1. I love this article in the WSJ about the crisis at JP Morgan. The key point it highlights is that looking only at the high-level analysis and summaries can be misleading, you have to look at the raw data to see the potential problems. As data become more complex, I think its critical we stay in touch with the raw data, regardless of discipline. At least if I miss something in the raw data I don’t lose a couple billion. Spotted by Leonid K.
2. On the other hand, this article in the Times drives me a little bonkers. It makes it sound like there is one mathematical model that will solve the obesity epidemic. Lines like this are ridiculous: “Because to do this experimentally would take years. You could find out much more quickly if you did the math.” The obesity epidemic is due to a complex interplay of cultural, sociological, economic, and policy factors. The idea you could “figure it out” with a set of simple equations is laughable. If you check out their model this is clearly not the answer to the obesity epidemic. Just another example of why statistics is not math. If you don’t want to hopelessly oversimplify the problem, you need careful data collection, analysis, and interpretation. For a broader look at this problem, check out this article on Science vs. PR. Via Andrew J.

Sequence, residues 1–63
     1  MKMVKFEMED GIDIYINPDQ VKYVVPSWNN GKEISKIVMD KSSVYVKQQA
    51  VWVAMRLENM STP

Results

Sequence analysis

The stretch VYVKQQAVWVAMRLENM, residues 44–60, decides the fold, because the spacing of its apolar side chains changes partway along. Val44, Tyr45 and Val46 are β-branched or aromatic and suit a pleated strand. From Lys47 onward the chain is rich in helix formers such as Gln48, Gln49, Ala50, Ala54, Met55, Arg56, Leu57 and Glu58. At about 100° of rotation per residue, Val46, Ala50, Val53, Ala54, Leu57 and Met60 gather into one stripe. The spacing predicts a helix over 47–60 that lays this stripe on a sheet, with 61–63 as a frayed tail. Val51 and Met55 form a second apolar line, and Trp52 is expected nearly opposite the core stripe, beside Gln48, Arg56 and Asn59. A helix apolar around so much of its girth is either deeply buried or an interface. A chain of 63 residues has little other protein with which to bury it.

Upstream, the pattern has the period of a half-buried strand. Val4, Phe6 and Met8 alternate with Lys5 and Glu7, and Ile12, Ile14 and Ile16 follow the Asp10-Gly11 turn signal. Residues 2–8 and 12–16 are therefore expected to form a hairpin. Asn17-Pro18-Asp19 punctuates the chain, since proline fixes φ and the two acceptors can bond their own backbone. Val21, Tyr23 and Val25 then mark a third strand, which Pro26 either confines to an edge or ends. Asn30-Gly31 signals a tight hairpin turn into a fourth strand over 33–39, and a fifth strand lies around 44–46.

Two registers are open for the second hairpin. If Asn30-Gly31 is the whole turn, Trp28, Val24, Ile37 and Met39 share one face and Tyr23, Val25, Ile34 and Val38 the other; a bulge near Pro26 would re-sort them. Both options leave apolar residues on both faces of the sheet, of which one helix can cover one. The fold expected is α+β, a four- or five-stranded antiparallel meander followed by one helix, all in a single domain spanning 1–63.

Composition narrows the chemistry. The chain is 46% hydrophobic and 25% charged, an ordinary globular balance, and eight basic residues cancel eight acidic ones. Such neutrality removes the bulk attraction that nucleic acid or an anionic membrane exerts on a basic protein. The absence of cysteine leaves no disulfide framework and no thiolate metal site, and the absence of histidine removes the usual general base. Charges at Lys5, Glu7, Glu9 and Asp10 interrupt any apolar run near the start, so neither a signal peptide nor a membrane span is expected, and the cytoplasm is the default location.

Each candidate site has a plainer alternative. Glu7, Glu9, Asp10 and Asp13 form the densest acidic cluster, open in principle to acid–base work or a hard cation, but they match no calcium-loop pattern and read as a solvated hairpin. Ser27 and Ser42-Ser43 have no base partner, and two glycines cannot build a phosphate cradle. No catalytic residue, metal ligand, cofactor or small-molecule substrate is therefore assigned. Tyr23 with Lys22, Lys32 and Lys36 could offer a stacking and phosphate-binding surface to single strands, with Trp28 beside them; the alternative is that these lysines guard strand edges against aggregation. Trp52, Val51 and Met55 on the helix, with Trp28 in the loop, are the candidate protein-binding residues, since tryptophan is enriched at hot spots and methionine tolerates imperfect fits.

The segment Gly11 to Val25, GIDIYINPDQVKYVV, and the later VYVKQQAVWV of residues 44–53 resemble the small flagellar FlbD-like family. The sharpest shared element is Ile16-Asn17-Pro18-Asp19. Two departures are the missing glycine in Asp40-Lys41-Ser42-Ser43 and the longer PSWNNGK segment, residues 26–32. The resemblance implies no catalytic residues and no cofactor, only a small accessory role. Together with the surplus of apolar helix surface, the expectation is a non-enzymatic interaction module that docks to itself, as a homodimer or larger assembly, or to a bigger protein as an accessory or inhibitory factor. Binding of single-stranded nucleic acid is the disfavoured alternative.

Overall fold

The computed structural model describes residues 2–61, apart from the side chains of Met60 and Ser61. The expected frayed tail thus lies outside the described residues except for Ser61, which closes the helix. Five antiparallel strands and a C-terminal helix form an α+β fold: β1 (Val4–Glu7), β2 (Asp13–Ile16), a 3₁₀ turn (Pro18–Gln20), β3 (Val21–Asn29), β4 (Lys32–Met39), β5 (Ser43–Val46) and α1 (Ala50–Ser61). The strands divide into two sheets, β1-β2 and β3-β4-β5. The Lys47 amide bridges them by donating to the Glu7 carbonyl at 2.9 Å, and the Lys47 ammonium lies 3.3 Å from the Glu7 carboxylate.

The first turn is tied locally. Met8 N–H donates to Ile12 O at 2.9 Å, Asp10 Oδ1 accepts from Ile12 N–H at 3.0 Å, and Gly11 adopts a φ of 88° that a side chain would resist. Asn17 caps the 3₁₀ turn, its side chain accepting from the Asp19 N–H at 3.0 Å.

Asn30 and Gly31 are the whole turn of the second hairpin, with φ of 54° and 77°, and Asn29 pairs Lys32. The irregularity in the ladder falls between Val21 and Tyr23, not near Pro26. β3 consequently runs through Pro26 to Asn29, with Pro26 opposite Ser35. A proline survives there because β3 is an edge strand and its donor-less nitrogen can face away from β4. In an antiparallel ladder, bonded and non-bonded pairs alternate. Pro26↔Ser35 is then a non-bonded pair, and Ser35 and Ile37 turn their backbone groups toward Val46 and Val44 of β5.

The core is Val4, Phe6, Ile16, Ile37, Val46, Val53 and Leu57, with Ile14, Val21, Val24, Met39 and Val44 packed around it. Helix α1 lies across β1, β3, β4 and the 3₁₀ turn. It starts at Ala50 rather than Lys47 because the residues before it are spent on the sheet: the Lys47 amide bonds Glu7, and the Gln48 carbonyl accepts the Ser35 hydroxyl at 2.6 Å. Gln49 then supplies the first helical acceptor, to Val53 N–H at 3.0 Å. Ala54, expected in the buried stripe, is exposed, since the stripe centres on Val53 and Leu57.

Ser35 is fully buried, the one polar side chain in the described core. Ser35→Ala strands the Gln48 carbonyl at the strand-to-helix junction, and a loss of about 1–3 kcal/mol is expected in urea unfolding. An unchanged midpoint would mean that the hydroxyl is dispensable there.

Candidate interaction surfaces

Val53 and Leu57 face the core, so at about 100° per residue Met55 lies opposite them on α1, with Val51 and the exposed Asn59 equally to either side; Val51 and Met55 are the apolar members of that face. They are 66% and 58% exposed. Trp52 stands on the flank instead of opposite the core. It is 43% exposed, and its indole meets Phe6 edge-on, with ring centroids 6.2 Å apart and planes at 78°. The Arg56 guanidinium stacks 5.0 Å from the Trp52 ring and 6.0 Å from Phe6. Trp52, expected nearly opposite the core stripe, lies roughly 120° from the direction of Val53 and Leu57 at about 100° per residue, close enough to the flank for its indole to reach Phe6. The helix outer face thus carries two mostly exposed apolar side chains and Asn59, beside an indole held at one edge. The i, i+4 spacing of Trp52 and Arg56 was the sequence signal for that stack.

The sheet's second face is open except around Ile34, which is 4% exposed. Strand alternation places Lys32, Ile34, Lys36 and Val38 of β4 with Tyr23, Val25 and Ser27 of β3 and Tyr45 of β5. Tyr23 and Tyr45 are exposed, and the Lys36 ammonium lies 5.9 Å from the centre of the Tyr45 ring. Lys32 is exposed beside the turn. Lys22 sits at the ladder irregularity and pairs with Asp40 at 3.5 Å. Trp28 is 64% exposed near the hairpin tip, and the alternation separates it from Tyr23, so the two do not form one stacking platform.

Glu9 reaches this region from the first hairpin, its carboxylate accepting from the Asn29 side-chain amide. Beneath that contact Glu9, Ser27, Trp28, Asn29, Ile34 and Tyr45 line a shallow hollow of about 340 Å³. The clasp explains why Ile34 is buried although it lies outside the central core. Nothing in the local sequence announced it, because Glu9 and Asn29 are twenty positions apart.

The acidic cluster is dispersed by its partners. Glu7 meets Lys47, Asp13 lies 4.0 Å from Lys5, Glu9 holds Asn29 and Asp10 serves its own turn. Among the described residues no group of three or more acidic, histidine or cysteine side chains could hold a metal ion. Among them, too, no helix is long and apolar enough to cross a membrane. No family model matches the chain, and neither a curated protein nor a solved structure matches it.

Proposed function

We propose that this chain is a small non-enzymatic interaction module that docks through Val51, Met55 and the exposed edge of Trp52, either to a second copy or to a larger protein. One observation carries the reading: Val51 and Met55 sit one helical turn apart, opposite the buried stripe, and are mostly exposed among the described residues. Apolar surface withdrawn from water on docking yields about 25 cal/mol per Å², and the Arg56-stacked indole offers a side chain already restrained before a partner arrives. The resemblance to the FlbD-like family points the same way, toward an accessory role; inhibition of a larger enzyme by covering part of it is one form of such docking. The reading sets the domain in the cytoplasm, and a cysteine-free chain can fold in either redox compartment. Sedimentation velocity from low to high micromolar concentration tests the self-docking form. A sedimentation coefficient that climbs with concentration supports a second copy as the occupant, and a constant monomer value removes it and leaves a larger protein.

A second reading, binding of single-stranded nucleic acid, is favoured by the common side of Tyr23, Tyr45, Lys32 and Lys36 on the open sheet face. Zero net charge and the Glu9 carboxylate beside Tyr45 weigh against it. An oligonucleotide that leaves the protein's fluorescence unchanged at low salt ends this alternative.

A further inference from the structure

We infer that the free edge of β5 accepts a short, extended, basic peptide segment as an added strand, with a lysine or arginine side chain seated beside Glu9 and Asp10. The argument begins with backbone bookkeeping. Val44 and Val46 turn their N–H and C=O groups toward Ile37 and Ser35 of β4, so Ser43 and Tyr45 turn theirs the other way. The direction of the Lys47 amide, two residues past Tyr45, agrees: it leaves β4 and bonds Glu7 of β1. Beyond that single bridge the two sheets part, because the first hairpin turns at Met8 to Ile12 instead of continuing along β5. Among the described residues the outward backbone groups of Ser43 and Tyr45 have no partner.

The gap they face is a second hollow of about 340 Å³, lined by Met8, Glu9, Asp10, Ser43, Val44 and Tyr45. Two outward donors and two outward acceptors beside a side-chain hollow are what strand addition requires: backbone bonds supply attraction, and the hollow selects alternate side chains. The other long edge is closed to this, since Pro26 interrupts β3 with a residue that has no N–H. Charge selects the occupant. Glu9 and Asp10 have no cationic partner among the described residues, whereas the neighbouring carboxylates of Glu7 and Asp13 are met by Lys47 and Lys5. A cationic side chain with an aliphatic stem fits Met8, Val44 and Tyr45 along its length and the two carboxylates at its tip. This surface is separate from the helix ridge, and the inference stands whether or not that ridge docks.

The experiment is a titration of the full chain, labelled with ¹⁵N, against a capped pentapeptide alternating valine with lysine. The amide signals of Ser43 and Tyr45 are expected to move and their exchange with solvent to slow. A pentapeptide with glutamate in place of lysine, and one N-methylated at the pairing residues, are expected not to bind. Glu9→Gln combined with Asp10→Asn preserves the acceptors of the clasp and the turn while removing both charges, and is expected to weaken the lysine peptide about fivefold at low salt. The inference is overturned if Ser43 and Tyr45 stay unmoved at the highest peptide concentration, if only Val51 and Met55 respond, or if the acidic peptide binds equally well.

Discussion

3. Some cool applications of the raster package in R. This kind of thing is fun for student projects because analyzing images leads to results that are easy to interpret/visualize.
4. Check out John C.’s really fascinating post on determining when a white-collar worker is great. Inspired by Roger’s post on knowing when someone is good at data analysis.